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Classical - Released September 9, 2016 | Deutsche Grammophon (DG)

Booklet
The Wonderland in the title of this release by the young pianist Alice Sara Ott is merely the music of Grieg, well-worn favorites of which are sampled here. To add to the sum total of interpretive knowledge for the Piano Concerto in A minor, Op. 16, is a tall order, but Ott delivers here in a live performance with the Bavarian Radio Symphony under the baton of Esa-Pekka Salonen. From her brilliant first note, her reading is a series of sharp markers filled in with liquid, lyrical episodes. The whole thing is carefully shaped, yet has the essential energy of live performance. In the short selections from the various books of Lyric Pieces and from the Peer Gynt Suite Ott is a little more conservative, but her gossamer, web-like technique in lyrical passages is never less than enjoyable to hear. There are reasons for the buzz surrounding this young artist, and this well-recorded program is an excellent place to start exploring what those reasons are. © TiVo
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Classical - Released April 16, 2021 | Deutsche Grammophon (DG)

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Classical - Released January 1, 2010 | Deutsche Grammophon (DG)

German-Japanese pianist Alice Sara Ott is a performer who appears to care more about the score and the composer than about her image and interpretations. After promoting Lang-Lang, a pianist of maximal technique but debatable taste, DG has given Ott an exclusive recording contract, and her first release, the complete waltzes of Chopin, shows her to be a pianist of taste and restraint. That is not to say that her performances here are ever less than dazzling, because she plays with supreme ease, or any less than affecting, because she brings out everything in the scores, from sparkling wit to darkest melancholy. But Ott is not interested in demonstrating her technique or in grandstanding her interpretations. Everything here is in the score: the tender countermelodies, the long legato phrasing, the exquisite harmonic balances, and the lilting rubato. It sounds fresh and natural because Ott herself seems fresh and natural, and apparently not at all a showoff. Though by no means the greatest performances of the waltzes ever recorded -- Dinu Lipatti's EMI recording is now and likely always will be the most beautiful, the most masterful, and the most moving version of these works -- Ott's recording is well worth hearing by anyone who loves the music. The sound of DG's digital recording is limpid. © TiVo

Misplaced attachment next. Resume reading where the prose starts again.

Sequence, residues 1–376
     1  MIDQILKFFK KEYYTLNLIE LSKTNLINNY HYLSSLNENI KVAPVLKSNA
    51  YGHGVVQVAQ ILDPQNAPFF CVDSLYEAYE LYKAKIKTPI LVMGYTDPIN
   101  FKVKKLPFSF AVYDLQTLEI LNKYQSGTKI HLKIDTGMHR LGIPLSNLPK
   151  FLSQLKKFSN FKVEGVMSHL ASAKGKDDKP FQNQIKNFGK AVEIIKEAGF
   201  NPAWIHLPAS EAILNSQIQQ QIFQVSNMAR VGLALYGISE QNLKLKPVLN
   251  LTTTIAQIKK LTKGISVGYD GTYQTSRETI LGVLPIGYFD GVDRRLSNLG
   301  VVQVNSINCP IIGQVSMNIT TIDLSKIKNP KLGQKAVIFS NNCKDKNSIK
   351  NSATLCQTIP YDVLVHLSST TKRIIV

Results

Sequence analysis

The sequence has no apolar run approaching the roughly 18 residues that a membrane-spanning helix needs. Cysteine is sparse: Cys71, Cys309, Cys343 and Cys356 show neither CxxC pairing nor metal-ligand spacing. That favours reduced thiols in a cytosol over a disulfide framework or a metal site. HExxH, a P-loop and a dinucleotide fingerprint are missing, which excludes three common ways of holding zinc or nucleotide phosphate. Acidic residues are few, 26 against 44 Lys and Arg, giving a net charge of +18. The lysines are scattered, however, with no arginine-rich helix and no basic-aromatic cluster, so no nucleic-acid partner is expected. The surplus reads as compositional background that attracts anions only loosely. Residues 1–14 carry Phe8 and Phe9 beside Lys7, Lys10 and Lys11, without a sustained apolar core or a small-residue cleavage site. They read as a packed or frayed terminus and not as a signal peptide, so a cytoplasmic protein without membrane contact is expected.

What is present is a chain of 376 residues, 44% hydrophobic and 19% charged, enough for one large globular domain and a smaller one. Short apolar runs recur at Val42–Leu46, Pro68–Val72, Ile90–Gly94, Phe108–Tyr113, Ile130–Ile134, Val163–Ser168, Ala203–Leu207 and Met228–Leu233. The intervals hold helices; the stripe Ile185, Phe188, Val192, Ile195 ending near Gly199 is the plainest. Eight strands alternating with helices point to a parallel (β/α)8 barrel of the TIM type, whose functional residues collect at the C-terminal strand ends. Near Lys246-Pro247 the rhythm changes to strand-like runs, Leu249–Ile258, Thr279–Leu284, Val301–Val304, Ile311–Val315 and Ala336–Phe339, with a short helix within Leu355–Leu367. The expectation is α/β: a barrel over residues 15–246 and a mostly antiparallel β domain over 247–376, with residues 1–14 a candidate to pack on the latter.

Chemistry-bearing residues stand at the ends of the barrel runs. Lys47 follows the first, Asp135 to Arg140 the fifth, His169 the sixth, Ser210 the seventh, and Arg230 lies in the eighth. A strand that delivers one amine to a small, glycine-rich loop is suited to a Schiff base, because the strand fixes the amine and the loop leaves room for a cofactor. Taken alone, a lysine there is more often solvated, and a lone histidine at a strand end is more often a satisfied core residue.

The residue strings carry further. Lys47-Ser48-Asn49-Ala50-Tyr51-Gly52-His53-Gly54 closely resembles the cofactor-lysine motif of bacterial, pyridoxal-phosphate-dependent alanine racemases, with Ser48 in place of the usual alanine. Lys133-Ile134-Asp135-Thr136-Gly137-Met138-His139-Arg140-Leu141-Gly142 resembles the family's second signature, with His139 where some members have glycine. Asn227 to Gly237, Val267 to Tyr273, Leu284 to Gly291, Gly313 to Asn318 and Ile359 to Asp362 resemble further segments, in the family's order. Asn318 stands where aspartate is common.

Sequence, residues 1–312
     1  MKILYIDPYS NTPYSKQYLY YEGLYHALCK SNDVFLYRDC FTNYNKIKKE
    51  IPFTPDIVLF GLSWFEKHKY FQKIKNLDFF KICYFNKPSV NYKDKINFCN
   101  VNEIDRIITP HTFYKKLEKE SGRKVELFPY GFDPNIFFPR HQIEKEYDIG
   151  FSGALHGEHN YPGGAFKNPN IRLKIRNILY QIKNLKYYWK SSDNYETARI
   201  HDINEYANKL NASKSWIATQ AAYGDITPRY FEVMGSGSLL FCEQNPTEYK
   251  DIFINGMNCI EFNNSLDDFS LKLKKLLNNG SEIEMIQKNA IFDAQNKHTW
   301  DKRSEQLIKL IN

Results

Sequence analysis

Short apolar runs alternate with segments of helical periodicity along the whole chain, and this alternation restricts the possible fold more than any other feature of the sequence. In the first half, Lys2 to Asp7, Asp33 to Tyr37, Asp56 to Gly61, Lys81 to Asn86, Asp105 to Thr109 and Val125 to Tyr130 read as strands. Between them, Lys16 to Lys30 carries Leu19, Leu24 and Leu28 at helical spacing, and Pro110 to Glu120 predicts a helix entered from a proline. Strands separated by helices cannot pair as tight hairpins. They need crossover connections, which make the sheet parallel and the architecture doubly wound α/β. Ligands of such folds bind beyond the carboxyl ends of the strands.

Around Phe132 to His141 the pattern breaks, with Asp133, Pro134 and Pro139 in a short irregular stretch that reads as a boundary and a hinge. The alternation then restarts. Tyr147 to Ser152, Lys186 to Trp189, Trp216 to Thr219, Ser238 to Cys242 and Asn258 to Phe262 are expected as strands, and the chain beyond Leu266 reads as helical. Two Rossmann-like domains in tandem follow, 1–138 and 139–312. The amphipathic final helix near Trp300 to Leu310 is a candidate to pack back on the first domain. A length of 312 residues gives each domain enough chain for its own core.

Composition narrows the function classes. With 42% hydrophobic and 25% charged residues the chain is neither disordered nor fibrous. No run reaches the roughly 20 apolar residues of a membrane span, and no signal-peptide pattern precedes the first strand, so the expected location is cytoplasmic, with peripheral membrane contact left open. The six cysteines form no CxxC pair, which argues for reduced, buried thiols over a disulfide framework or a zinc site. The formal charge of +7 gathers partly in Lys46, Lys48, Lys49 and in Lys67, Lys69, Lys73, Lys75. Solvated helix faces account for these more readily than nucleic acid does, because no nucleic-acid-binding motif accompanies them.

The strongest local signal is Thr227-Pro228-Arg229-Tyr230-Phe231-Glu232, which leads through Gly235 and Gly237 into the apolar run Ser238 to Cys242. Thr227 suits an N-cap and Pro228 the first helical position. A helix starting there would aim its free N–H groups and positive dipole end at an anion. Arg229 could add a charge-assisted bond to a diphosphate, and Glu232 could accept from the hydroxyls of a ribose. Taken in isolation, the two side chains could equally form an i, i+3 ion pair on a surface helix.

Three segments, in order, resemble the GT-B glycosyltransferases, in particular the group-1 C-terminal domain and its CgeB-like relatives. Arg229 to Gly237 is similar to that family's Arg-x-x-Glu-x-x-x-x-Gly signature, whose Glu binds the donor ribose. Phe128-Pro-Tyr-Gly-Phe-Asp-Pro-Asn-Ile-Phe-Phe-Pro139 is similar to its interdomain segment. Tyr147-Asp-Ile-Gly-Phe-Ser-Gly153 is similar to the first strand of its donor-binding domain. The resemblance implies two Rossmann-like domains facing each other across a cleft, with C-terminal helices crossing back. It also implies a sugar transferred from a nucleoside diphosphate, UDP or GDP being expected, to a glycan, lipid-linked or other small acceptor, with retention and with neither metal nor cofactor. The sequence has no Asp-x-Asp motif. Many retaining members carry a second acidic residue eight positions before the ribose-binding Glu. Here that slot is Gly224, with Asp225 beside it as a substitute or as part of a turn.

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Classical - Released January 1, 2011 | Deutsche Grammophon (DG)

The first piano concertos of Franz Liszt and Pyotr Il'yich Tchaikovsky are staples of the genre and so well-known that, for some artists and audiences, they have become tired warhorses. Yet Alice Sara Ott claims an intimate connection to these works, which have been a part of her experiences since her teens, and she communicates personal expressions in passages that other pianists may find merely showy or bombastic. Ott's playing is always remarkable for her controlled touch, clarity of line, and clean technique, and her presence in both performances is strong. The quality that is perhaps less obvious in her performances, but just as important as the virtuosity, is her lyrical handling of the quiet sections. These may not be the first things listeners notice or even seek out, especially in the face of all the hammered chords, lightning-fast runs, octaves, and other keyboard pyrotechnics, but they are what make this concerto album a fascinating study. Ott's need for personalizing the music is largely dependent on her use of rubato, and the push-pull between the piano and orchestral accompaniment means that Thomas Hengelbrock and the Munich Philharmonic need to feel her interpretation, as well as follow her pulse. What results is a rather elastic style of playing in both concertos, which may not be to everyone's taste, but it certainly distinguishes Ott and her highly Romantic approach to these two monuments of the repertoire. Deutsche Grammophon's sound is full in sonority yet focused on details and not overly reverberant. © TiVo
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Classical - Released January 21, 2013 | Deutsche Grammophon (DG)

Alice Sara Ott's 2013 CD of keyboard works by Modest Mussorgsky and Franz Schubert was part of a recital she gave at St. Petersburg's White Nights festival, recorded on July 3, 2012, in the Mariinsky Theatre. This album was the result of discussions between Ott and Deutsche Grammophon to release a disc of solo repertoire, and recording her live presented an appealing opportunity to add the ever-popular Pictures at an Exhibition to her discography. If the atmosphere of the occasion can be detected in Ott's expressions, it is perhaps most noticeable in subtle nuances, rather than in the bigger gestures. For all of the piece's grandeur and weight, Ott seems to shine most in the quieter sections, and her delicate playing takes on a poetic quality that is lacking in the loud, clangorous passages, which are all vigor and bravado. On this disc (though not in the order of the recital), Pictures is followed by Schubert's Sonata in D major, D. 850, which balances the program with its length and gravitas, though its moods are more enigmatic and elusive. Ott's controlled handling of the Con moto and Finale is admirable, though her playing in the first movement and the Scherzo is fairly aggressive and hard-edged. Ott's many fans will want this CD for the energy and fire she displays, though newcomers may want to hear her studio albums to get a clearer impression of her abilities. © TiVo